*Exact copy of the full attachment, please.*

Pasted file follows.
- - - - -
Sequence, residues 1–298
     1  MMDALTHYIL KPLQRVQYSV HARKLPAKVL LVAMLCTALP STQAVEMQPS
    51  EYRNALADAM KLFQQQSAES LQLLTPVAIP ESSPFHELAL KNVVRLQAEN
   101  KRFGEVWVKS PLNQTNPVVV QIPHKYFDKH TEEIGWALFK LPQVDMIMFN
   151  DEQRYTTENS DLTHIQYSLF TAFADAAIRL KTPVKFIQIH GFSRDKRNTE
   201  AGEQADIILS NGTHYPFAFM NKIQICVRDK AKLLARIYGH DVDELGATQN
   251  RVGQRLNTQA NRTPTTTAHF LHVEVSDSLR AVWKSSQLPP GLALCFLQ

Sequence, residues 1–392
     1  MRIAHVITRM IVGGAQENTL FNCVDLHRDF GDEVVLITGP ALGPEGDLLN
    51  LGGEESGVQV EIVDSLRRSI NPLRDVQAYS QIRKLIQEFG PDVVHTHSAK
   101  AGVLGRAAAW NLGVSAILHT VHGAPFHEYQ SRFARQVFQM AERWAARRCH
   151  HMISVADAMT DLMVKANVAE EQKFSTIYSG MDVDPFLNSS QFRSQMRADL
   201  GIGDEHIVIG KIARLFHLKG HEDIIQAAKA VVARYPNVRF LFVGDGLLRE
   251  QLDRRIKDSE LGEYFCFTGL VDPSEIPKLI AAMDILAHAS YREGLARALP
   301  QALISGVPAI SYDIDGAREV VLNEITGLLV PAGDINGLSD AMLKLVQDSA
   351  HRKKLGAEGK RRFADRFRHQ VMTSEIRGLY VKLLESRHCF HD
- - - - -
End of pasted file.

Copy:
Sequence, residues 1–298
     1  MMDALTHYIL KPLQRVQYSV HARKLPAKVL LVAMLCTALP STQAVEMQPS
    51  EYRNALADAM KLFQQQSAES LQLLTPVAIP ESSPFHELAL KNVVRLQAEN
   101  KRFGEVWVKS PLNQTNPVVV QIPHKYFDKH TEEIGWALFK LPQVDMIMFN
   151  DEQRYTTENS DLTHIQYSLF TAFADAAIRL KTPVKFIQIH GFSRDKRNTE
   201  AGEQADIILS NGTHYPFAFM NKIQICVRDK AKLLARIYGH DVDELGATQN
   251  RVGQRLNTQA NRTPTTTAHF LHVEVSDSLR AVWKSSQLPP GLALCFLQ

Sequence, residues 1–392
     1  MRIAHVITRM IVGGAQENTL FNCVDLHRDF GDEVVLITGP ALGPEGDLLN
    51  LGGEESGVQV EIVDSLRRSI NPLRDVQAYS QIRKLIQEFG PDVVHTHSAK
   101  AGVLGRAAAW NLGVSAILHT VHGAPFHEYQ SRFARQVFQM AERWAARRCH
   151  HMISVADAMT DLMVKANVAE EQKFSTIYSG MDVDPFLNSS QFRSQMRADL
   201  GIGDEHIVIG KIARLFHLKG HEDIIQAAKA VVARYPNVRF LFVGDGLLRE
   251  QLDRRIKDSE LGEYFCFTGL VDPSEIPKLI AAMDILAHAS YREGLARALP
   301  QALISGVPAI SYDIDGAREV VLNEITGLLV PAGDINGLSD AMLKLVQDSA
   351  HRKKLGAEGK RRFADRFRHQ VMTSEIRGLY VKLLESRHCF HD